What if Germany had reached Stalingrad?

The battle for Stalingrad

Adolf Hitler then declared Stalingrad a symbol of the German will to win. At the same time, he combined with the conquest of the strategically important arms and transport center on the Volga a personal prestige success over his fiercest opponent Josef W. Stalin, whose name the city bore. A request from Paulus to be allowed to break out of the 40 by 50 kilometer cauldron in the west was therefore strictly rejected by Hitler. Rather, he trusted the meaningless announcements by the Commander-in-Chief of the Air Force, Hermann Göring, that he would be able to adequately supply the trapped from the air until the planned relief. In the winter of 1942/43, however, the Wehrmacht lacked the necessary capacities for relief and air supply. The 300-400 tons of supplies required daily by the 6th Army could not be delivered at any time. An attempt at relief by the Don Army Group, which had been hastily assembled under the command of Erich von Manstein - with Colonel General Hermann Hoth's tank units approaching Stalingrad within 48 kilometers - was broken off after nine days due to Soviet resistance. With his order to hold out, renewed on December 23, Hitler finally left the 6th Army to its fate.

The daily food ration of the starved inmates was two slices of bread and a little tea, and occasionally a thin soup. The first deaths from exhaustion and malnutrition occurred from mid-December. The Russian winter with below minus 40 degrees also claimed thousands of victims among the Wehrmacht soldiers who were inadequately equipped to withstand the icy temperatures. By January 18, 1943, the German troops had to give up all lines of defense and retreat completely into the urban area of ​​Stalingrad, where they were split into two partial basins. On January 30, Adolf Hitler demonstratively appointed Paulus Field Marshal General.

Since no German field marshal had ever surrendered before, the promotion was intended to motivate Paul to continue fighting with the 6th Army to the point of "hero's death". However, Paulus surrendered on January 31, 1943 with his remaining units in the southern basin. Two days later, the emaciated troops surrendered in the northern basin of the city, which was like a field of rubble. Around 150,000 German soldiers fell victim to the fighting, the cold or starvation in the cauldron. Around 91,000 men ended up in Soviet captivity, from which perhaps 6,000 survivors returned to Germany by 1956. More than 400,000 soldiers were believed to have died on the Soviet side.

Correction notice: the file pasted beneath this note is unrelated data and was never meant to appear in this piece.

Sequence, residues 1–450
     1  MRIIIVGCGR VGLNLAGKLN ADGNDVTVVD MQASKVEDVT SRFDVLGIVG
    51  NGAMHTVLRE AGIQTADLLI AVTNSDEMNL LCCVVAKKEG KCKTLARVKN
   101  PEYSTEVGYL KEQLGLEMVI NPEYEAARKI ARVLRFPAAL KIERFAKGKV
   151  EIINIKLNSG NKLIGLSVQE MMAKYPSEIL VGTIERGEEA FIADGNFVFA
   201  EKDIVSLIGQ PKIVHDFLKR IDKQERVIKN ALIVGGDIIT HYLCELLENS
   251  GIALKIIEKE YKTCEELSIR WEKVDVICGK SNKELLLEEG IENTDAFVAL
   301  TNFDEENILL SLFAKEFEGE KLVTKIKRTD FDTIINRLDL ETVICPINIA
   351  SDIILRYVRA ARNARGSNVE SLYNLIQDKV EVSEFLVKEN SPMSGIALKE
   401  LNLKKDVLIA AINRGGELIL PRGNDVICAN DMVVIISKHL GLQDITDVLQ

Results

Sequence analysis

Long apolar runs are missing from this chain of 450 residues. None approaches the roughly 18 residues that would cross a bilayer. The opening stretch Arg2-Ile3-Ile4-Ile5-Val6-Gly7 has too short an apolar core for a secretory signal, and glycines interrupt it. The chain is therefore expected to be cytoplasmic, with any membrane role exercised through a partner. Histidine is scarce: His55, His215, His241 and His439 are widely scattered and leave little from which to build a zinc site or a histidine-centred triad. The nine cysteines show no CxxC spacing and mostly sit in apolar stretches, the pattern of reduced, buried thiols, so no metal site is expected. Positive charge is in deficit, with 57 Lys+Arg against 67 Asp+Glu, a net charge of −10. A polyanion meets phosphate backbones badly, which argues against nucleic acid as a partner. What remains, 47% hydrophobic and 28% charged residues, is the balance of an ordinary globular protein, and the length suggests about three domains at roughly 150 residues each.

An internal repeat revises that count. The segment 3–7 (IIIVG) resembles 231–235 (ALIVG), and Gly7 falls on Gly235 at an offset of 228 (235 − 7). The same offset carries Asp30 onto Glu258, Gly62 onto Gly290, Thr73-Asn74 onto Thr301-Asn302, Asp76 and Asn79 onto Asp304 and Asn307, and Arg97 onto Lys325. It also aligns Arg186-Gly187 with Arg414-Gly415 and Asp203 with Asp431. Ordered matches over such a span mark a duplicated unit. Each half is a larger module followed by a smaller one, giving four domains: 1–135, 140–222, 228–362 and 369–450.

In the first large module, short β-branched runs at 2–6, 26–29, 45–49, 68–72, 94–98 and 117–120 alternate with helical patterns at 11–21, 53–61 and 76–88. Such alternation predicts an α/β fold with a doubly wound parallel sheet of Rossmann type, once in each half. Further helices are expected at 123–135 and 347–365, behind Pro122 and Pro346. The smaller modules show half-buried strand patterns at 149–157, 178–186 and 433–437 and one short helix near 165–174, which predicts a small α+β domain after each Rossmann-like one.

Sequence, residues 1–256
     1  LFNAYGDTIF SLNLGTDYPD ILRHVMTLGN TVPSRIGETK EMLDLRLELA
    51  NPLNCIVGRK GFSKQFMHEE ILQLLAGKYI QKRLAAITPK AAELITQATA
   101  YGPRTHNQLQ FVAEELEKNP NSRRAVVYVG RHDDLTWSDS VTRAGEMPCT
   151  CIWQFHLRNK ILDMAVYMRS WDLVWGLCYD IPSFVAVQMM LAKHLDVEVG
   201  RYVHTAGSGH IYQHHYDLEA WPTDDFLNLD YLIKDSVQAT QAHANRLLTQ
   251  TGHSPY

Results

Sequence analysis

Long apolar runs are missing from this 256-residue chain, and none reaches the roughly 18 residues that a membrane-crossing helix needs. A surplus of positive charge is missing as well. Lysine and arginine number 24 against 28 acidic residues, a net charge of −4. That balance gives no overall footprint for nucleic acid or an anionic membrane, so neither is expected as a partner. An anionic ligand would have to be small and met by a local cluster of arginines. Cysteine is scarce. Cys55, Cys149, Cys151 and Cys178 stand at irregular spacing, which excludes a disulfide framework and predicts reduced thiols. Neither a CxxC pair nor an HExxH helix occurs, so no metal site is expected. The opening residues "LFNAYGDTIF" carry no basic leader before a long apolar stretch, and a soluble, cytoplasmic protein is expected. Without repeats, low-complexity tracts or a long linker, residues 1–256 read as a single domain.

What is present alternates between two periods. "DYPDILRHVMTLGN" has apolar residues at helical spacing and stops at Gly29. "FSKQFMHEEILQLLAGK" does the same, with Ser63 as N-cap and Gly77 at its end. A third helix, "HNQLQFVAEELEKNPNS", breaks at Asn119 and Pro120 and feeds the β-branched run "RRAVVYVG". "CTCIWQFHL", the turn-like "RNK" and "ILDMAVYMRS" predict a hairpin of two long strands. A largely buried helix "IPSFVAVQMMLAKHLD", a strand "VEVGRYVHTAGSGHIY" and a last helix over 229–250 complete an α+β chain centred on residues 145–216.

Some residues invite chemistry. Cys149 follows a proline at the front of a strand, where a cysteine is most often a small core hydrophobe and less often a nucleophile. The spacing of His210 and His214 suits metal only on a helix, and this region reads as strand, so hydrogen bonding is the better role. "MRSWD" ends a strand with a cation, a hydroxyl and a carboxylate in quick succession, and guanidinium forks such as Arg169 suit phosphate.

The first defeat in the war against the Soviet Union, which was devastating for the Wehrmacht, changed the war situation permanently. The law of action now passed to the Red Army. The effects on the morale of the German population were more far-reaching than the military consequences. Most of the Germans, shaken by the dimensions of this defeat, recognized the turning point of the war on the Eastern Front. The attempt by the German leadership to portray the downfall of the 6th Army as a grandiose heroic epic and the declaration of the "total war" by Joseph Goebbels on February 18, 1943 did not remove the doubts that arose about the final German victory. Rather, immediately after the end of the fighting in Stalingrad, the year "1918" could be read in major German cities - painted on house walls at risk of death, as a reminder of the German defeat in the First World War.